Originally Posted by JACK98
One of the reasons whilst i asked the quest,today i sat taking caps off the A1200 *the method of using a gentle twist with pliers does work!*,and thought of recapping, and then in future of having to replace something else on the same board like a comp chip just put me off and make me rather use emulation on a modern pc.
It's not hard, but it's very risky if you have no experience with it!
- Aluminium foil
- Soldering iron with a small pointy tip
- Soldering tin (preferrably with lead)
- Pair of tweezers that can open wide
- SMD flux
- Desoldering wick
Apply flux to all the PLCC pins. Wrap the PCB with two layers (or more) of aluminium foil and uncover the PLCC, this prevents other components to overheat and eventually melt (!). Pre-warm the PCB (just sweep around even though the aluminium foil is there) with the heatgun on low temp, then focus in circles on the PLCC for a while. You might need to switch to a higher temp for a short period of time, but only when the chip is heated up.
Then fast as a mouse take a pair of tweezers and lift up the chip, it is supposed to lift up with ease. If it didn't lift up, then don't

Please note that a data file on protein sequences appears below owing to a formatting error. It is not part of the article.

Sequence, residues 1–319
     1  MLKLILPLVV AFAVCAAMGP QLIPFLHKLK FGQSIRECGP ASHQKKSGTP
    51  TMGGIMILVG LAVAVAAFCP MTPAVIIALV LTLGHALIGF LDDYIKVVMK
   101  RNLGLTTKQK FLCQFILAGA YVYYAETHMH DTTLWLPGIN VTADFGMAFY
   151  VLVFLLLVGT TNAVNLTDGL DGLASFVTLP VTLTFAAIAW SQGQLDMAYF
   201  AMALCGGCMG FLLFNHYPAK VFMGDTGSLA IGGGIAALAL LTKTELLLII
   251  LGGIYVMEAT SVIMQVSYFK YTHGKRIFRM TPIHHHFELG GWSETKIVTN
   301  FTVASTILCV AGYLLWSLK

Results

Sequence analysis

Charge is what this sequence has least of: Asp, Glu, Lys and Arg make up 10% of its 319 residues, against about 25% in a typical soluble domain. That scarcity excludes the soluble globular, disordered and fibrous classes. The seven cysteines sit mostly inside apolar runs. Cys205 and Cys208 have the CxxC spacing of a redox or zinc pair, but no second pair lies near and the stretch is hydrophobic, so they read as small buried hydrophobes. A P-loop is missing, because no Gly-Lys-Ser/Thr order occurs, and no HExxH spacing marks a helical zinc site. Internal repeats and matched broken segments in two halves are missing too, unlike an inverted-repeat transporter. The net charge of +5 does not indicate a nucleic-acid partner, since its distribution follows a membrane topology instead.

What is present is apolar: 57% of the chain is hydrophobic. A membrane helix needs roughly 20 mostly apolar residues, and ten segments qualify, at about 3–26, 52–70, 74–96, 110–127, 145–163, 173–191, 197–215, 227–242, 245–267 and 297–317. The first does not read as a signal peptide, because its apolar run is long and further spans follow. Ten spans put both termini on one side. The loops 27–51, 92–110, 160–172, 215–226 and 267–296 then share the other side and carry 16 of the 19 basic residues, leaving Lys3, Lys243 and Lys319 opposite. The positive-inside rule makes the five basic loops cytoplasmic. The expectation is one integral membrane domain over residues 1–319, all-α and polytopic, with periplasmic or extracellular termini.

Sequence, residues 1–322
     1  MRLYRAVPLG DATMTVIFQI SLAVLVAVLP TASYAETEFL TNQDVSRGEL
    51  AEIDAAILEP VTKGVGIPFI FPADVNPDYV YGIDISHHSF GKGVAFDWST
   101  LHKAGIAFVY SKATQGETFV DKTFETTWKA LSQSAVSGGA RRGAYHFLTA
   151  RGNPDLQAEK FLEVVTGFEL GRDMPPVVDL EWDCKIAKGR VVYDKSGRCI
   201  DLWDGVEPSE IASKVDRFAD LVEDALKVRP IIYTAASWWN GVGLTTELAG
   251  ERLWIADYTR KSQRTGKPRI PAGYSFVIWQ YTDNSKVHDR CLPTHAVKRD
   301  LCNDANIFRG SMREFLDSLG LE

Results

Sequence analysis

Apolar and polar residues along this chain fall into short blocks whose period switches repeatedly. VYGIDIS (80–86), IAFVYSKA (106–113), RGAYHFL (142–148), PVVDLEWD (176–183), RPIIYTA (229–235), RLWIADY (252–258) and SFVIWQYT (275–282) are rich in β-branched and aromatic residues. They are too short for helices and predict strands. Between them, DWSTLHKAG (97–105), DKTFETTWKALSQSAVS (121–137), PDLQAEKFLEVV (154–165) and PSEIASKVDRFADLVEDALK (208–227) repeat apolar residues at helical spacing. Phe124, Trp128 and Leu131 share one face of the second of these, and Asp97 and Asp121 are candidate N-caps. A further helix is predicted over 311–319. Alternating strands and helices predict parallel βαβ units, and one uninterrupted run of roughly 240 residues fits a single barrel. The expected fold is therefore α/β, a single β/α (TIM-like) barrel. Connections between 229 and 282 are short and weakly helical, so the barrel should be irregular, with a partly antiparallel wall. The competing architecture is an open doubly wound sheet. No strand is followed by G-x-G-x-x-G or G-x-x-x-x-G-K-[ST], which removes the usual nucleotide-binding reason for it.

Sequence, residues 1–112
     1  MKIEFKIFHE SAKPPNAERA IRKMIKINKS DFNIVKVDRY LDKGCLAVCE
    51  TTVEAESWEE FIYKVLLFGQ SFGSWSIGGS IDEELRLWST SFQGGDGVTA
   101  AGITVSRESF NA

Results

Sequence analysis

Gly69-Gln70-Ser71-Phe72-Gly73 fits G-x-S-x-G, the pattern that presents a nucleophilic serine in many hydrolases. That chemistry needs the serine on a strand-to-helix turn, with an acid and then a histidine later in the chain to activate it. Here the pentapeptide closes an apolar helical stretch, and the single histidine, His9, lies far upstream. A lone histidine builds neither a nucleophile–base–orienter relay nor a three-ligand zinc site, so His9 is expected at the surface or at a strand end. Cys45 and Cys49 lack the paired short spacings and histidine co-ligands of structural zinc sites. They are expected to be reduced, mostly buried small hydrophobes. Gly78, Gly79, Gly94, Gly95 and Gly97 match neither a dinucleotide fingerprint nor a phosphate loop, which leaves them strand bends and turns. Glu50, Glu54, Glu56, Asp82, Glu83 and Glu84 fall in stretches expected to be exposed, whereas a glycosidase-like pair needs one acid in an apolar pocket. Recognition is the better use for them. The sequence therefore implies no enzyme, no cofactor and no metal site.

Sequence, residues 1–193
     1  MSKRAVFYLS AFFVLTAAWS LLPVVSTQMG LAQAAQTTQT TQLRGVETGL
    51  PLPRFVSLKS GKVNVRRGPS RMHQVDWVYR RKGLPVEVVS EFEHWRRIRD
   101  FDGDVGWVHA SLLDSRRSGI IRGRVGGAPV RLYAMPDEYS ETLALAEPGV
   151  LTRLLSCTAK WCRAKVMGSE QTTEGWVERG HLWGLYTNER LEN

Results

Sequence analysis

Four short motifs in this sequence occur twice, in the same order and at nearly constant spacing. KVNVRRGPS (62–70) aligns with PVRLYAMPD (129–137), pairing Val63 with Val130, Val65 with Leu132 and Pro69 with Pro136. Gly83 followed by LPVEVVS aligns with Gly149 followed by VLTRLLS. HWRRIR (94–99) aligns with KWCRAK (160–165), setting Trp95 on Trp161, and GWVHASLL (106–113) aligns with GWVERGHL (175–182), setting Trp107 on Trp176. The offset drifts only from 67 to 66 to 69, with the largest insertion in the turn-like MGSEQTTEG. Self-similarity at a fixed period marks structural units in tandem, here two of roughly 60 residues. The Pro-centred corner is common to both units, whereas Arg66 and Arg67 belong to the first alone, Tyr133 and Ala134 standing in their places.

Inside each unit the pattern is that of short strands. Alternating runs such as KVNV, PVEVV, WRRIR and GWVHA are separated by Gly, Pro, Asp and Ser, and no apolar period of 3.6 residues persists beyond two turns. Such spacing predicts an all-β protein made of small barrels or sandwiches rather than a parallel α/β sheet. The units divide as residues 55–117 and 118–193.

force it up. Start over again with the heatgun. Lateron use isopropanol alcohol to clean the flux residue, desoldering wick to remove the solder residue and use isopropanol again to clean up. Ready for new chip!
Soldering the new chip is more hard.. But a working solution is to add flux to all the solder pads then allign the PLCC correctly (have the dot mark in mind, align pin 1 with the "pin 1" icon on the PCB). When the pins match up to the pads, carefully add solder to each "corner" pin... Now that the PLCC is not moving, add some more flux to the rest of the pins and start soldering. Warm the pins and add solder to it, the solder with hopefully travel to the pads as well. If you get way too much, try to drag the soldering iron on the pins to remove the excessive solder. Don't be too fast or stressed - it's not hard at all as long as you're calm.
When it's done, look closely for any eventual shorts or non-contacts. Use isopropanol again.
Good as new